Activism research guide: Special Collections and Rare Books

Poster for a Die-In that took place on Thur. Nov 10, 1983. The text reads "Stop Imperialism's escalation of the arms race!/ Armed Forces Recruiting Office 547 Seymour/ Meeting: 7:30pm Tuesday 1st United Church/ 320 E Hastings"

Looking for archival materials or primary sources on activism in British Columbia? Start your research here!

Special Collections and Rare Books (SCRB) is home to a number of archives, journals, monographs, and other resources which chronicle the various areas of activism in British Columbia (B.C.) as well as in Canada and in France, mainly covering the 20th century. Activism covers a wide range of topics including: social movements, labor movements, environmentalism, feminism, civil and human rights, LGBTQ2+ movements, pacifism, and many others.

Learn more about SCRB's activist materials. Each entry below provides a brief description of the materials, links to archival finding aids, Library Catalogue records, SFU Digitized Collections, or links to resources outside of SFU Library.

Why are some materials "unprocessed"?

The work that archivists do in preparing materials for research use is called “processing.” This involves:

  • identifying and describing materials
  • making the materials discoverable by creating finding aids (like these pages), database records, and other tools
  • rehousing materials in archival-standard enclosures (like acid- and lignin-free boxes and file folders)

Because we want our users to know we have relevant holdings to their research, we list and selectively provide access to our unprocessed collections.

Interested in exploring an unprocessed collection? Contact us as early as possible so we can discuss details.


Archival collections

Mary Billy fonds

Extent: 95 cm of textual records and other materials
Archival finding aid: Msc-170

Mary Billy was a feminist, activist and writer. She created a publication titled, Facing the Horror: The Femicide, a list that contained names and synopses of incidents when women were murdered by men in Canada. Mary Billy also founded a journal of writings by women titled: Herspectives Magazine.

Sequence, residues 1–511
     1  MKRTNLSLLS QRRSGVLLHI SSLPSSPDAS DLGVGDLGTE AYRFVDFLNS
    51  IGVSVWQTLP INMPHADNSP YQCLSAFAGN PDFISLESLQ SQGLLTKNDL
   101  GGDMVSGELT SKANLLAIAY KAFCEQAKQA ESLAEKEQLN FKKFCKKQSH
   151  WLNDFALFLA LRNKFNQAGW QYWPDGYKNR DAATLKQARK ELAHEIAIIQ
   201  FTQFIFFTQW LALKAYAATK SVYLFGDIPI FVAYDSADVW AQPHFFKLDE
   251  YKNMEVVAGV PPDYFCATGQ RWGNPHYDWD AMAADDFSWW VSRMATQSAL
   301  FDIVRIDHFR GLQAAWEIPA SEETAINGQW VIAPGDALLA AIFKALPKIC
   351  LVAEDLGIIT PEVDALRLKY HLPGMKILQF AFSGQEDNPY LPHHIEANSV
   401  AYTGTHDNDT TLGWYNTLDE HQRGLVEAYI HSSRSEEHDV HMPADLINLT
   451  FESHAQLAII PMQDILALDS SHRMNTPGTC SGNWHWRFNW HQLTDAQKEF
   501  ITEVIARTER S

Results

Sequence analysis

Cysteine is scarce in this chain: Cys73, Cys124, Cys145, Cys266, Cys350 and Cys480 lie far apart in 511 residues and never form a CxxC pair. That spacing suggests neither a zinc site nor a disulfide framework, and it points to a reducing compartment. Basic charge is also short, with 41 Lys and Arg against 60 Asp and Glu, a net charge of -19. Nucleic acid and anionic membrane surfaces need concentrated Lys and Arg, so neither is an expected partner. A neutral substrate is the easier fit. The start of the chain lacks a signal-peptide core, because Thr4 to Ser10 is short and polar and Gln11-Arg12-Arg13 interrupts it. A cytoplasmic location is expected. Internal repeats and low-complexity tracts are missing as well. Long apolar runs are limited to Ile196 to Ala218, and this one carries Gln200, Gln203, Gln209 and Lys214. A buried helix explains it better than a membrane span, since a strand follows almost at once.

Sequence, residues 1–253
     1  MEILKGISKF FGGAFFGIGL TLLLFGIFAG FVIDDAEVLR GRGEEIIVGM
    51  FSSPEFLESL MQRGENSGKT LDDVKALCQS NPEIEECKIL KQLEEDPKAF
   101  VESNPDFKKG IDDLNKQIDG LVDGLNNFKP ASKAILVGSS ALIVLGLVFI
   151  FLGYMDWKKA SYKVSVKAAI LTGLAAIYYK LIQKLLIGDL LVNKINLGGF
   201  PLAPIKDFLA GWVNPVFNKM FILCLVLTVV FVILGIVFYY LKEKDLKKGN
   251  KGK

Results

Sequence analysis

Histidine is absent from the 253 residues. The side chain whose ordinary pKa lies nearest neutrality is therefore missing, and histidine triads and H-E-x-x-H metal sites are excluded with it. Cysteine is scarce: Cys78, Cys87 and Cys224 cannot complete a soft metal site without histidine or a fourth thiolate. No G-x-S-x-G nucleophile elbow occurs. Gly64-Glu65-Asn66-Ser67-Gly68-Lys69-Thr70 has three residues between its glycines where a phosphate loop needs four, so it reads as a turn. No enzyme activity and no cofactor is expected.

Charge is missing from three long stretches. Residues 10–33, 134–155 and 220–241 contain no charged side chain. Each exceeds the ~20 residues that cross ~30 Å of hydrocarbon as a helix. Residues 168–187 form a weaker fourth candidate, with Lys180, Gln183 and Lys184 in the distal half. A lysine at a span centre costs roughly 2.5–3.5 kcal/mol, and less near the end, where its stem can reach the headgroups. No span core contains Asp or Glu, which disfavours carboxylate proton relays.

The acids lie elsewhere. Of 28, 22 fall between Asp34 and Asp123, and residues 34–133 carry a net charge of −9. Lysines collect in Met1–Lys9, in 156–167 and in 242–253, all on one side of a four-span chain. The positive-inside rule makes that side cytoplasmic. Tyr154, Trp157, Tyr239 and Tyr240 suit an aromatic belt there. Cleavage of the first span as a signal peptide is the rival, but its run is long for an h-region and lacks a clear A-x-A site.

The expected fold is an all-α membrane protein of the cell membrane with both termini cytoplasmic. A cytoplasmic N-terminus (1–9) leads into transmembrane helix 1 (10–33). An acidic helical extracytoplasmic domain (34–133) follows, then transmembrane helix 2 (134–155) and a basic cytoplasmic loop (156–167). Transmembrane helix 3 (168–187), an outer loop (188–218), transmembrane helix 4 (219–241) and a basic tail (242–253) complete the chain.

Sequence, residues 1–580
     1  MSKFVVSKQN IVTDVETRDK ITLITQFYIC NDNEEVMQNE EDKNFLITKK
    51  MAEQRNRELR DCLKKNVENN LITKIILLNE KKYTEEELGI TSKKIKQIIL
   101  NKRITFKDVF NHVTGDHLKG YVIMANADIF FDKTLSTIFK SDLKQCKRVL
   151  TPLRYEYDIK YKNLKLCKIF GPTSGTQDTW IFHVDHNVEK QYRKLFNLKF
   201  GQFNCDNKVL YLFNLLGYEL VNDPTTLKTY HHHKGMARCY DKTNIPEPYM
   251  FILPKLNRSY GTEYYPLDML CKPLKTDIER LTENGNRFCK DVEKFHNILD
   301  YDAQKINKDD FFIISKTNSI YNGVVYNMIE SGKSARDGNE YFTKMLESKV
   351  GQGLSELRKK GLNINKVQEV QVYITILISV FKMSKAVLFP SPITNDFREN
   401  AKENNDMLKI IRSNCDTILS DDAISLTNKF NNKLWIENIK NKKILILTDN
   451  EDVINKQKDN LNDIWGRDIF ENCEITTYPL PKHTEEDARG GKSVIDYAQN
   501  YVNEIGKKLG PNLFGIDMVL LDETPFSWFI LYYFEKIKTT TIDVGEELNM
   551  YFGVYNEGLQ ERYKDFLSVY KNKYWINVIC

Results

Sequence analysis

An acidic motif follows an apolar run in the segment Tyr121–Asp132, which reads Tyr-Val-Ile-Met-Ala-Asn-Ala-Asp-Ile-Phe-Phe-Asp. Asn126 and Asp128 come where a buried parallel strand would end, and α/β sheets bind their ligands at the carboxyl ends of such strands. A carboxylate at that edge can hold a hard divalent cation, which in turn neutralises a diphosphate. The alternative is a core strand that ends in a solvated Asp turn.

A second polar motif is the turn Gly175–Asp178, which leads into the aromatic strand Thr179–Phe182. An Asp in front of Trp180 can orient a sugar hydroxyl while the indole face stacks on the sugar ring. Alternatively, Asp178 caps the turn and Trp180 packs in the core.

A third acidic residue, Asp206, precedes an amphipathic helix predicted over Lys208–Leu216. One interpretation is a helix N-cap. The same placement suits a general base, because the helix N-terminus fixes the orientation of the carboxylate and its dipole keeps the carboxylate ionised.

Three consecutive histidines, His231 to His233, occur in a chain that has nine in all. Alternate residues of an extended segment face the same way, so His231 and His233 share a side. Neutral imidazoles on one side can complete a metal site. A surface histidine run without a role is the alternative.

This fonds consists of material relating to Mary Billy’s life and work as a feminist and writer. The records include correspondence, notes, drafts, diaries, journals, clippings, photographs, research records and women’s activism records.

Harrison Brown fonds and Hilary Brown fonds

Extent: 2.21 m of textual records and other material (Hilary Brown) and 1.65 m of textual records and other material (Harrison Brown). Part of this collection has been digitized and can be browsed at Harrison Brown Collection.
Archival finding aids: MsC-57 and MsC-58

Harrison and Hilary Brown were life-long peace activists, journalists and authors. They were active in their local community and on the international stage.

Their records consist of correspondence with many other activists and journalists of the 1920s to 1980s, unpublished manuscripts, diaries, notebooks, and photographs.

Communist Party of Canada fonds

Extent: 13 cm of textual records
Archival finding aid: MsC-48

Founded in Ontario in 1921, the Communist Party of Canada is one of two federally registered Communist parties in Canada, the other being the Communist Party of Canada (Marxist-Leninist), an anti-revisionist Maoist party. Though without elected federal or provincial representation at present, the CPC is active in trade unions, the civic reform movement, and a number of social justice, anti-war and international solidarity groups and coalitions. The CPC underwent changes in 1991, but was unable to run 50 candidates in the 1993 election, the number required to maintain official party status. As a consequence, the CPC was deregistered by Elections Canada.

This fonds consists of material relating to the end of the Communist Party of Canada. It includes newspapers, correspondence, legal documents and ephemera. The records cover the years 1991-1992.

Doukhobor collection

Extent: 19 m of textual records and other material
Archival finding aid: MsC-121. Part of this collection has been digitized and can be browsed at Doukhobor Collection.

This extensive collection includes various archival material pertaining to the Doukhobor community in Canada from the time of their arrival in the late 19th-century until the early 21st-century. Doukhobors’ pacifist convictions put them in conflict with provincial and federal governments in Canada. Consequently, Doukhobor communities actively protested against government policies throughout much of the 20th-century. Some of these protests were violent and included acts of arson. Others involved nude protests and more peaceful demonstrations. The Sons of Freedom was one group within the larger Doukhobor community who participated in all forms of protests. Some community members were imprisoned because of their participation in protest activities. The records in this collection demonstrate how Doukhobor protest strategies were carried out from the inside of prisons as well as from the outside.

The records in this collection include correspondence, writings, administrative documents, declarations, petitions, photographs, and many other types of textual records. Some of the content in this collection is in Russian.